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Visualizing Problems

Discussion in 'Beginner and Creation Help' started by peacrab, Jan 13, 2017.

  1. peacrab

    peacrab New Member Unsure/Questioning

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    So, as an artist, you'd think it'd be easy to use my mind's eye to visualize my tulpa and/or a wonderland, correct? Well, I'm having a horrid time trying to visualize anything. Even with visualization guides, I'm still having troubles. I assume it could be because I, a naturally anxious person, am not able to focus correctly on anything or calm down enough to focus. I've tried starting out from square one, literally. I can't even visualize a square. Or if I do, it automatically starts stretching and molding and spinning. It's very annoying. Does anyone have any suggestions?
     
  2. FallFamily

    FallFamily Forum Goddesses Administrator Moderator Plural System Mixed-Origin System

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    [Breach] Perhaps try bringing in another sense to help. For example, tactile/touch might result in more stability. If so, you could, to take the square example, hold the square with our imaginary arms/legs/tentacles/whatever-you-prefer-for-yourself-inside and then try to visualize it. The tactile feel of the object might help keep vision stable. If it works on something simple, it might work on more complex things too.

    Another thing to try is to try to visualize the same thing. Say, if you do the square, don't visualize a square each time, but visualize THE square you made the first time each time afterwards. Each time, visualize it till it destabilizes too much and then stop. Over time, you might be able to keep your visualization stable for longer. The idea here is that since it is the same item, eventually it might get ingrained into memory enough that memory will help stabilize the visualization which then helps you keep your concentration on it and stabilize it or even hold it stabler when not concentrating, which then might carry over to other objects.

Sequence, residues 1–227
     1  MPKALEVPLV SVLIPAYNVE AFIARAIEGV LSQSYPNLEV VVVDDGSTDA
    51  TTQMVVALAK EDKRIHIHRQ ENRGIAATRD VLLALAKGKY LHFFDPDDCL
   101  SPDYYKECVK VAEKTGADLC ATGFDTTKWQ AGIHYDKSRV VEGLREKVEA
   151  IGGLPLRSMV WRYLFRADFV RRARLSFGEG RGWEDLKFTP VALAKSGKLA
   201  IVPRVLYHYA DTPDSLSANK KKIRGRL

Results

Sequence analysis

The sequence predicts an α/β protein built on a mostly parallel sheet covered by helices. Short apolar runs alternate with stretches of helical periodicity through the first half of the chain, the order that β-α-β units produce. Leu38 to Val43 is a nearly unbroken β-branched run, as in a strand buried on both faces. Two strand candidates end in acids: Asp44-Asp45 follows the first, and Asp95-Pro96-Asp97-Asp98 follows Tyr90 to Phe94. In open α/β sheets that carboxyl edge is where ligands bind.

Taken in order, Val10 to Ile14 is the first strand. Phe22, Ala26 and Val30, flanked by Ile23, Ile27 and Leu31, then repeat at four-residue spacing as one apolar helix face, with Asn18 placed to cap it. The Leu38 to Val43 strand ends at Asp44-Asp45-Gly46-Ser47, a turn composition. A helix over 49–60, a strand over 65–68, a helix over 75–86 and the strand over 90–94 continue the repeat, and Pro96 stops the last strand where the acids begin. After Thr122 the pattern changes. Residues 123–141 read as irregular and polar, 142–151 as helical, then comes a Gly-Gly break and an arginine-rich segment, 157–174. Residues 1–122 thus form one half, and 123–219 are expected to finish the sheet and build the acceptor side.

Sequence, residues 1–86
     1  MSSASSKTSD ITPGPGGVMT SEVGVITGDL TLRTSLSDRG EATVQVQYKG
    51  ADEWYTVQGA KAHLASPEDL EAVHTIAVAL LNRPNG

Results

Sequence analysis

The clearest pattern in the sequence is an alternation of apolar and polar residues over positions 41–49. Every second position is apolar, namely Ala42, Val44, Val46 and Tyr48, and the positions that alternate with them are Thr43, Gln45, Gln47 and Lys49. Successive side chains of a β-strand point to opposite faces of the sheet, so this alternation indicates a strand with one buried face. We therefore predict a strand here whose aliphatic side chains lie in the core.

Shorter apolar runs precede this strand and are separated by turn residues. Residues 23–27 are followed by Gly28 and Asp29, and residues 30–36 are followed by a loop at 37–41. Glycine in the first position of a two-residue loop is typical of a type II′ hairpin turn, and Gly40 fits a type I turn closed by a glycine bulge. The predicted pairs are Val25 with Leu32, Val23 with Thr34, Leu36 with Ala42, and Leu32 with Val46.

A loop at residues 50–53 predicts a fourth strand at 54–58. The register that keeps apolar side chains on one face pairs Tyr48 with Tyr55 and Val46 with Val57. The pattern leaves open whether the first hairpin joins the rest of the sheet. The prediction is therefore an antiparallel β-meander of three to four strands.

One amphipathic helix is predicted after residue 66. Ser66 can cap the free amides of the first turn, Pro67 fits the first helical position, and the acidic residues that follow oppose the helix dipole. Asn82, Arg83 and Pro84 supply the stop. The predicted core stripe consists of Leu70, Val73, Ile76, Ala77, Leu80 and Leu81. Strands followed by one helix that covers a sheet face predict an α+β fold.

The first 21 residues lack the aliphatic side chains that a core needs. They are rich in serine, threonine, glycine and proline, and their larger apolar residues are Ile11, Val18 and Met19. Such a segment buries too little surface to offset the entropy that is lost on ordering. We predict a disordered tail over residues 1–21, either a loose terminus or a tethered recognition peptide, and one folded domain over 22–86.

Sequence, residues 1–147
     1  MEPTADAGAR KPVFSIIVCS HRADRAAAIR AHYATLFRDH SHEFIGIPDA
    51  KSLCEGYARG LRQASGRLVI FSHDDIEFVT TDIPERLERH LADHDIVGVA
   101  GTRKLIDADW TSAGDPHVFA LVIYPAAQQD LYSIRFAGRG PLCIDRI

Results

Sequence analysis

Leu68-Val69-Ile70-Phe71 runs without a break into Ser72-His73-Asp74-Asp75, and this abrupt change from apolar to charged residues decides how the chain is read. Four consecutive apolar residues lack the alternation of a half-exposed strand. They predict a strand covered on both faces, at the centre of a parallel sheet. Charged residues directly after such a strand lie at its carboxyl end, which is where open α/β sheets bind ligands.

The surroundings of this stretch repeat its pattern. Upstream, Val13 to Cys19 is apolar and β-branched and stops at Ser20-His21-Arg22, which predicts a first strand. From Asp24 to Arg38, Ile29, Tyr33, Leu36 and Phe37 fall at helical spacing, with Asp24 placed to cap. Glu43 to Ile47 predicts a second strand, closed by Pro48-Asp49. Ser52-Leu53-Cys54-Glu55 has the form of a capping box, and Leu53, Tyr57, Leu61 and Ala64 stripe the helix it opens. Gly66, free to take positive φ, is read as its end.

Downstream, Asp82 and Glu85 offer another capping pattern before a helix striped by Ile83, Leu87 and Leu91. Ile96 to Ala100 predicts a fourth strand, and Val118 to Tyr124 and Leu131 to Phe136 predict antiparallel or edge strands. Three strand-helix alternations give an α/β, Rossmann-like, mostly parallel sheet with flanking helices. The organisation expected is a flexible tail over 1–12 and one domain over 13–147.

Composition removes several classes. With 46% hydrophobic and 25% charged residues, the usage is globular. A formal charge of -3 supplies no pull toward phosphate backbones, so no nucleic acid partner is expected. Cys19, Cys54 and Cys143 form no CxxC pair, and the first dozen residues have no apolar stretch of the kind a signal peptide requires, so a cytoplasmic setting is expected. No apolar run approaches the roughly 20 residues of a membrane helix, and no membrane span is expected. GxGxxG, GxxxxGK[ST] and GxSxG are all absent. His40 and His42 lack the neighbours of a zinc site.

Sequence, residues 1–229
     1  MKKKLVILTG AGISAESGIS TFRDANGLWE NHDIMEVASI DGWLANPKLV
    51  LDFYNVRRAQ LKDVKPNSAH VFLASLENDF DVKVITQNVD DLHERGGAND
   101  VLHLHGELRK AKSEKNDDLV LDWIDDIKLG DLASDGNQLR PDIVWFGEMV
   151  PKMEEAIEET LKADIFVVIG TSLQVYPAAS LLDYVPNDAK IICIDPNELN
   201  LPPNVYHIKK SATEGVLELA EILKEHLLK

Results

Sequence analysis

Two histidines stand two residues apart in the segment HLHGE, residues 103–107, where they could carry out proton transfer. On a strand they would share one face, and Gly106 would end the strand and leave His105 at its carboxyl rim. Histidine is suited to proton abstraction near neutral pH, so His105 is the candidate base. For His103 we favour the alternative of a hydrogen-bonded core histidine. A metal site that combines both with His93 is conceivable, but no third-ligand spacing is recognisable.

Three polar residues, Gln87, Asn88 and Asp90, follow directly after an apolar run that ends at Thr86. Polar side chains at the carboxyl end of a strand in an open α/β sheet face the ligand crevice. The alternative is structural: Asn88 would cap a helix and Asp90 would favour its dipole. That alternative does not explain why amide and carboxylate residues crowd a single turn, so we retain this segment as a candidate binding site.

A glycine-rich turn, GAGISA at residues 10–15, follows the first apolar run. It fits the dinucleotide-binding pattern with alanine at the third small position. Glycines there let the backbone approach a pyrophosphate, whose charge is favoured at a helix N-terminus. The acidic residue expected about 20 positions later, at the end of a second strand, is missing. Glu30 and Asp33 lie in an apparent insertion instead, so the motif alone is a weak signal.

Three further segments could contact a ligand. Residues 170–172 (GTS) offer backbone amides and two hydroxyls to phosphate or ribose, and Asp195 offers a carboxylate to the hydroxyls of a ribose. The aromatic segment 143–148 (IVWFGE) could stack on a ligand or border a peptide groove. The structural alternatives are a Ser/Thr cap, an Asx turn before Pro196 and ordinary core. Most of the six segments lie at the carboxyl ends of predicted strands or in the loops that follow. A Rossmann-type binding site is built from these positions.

3. Arjun

    Arjun Member Multiple System Is a host

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    From my experience of being unsuccessful, I recall my approach was mostly "mechanical" and it did not suit me. Mechanical, like I intend to see a picture, and tried to create it, adding detail after detail, and then trying to have the picture be amazing somehow. I had the idea I had to somehow fill in all the details before it would come alive.

    As I see it, there are two equally valuable but different ways. The first one is mechanical as described above and after a some time the visualization comes alive. The benefit is great detail. The other one is having the visualization come alive first, and let it take shape and detail more and more as time goes (as you repeat it in the future). The benefit in the second is it comes alive faster.

    I personally go for the second one more often. I call it a fluid approach where I instead let the images come, and encourage them to manifest. It is more about getting out of the way, and recognizing it is a kind of interplay with another force. Not a control of it, but interplay with it. Viewing that force as something within you or outside you does not matter, but what matters is the state of allowing it to move by itself as it wants to. It is more like just watching whatever appears, but not fully because you also allow yourself to interact and influence it. Open a space of allowance. Have an underlying intention. Let things arise as they do, and pay more attention to the things relating to your intention.

    I have found out a combination of both approaches aids me best. In the end I think both approaches merge into one united skill, but they can be experimented with individually.
     
    Last edited: Jan 14, 2017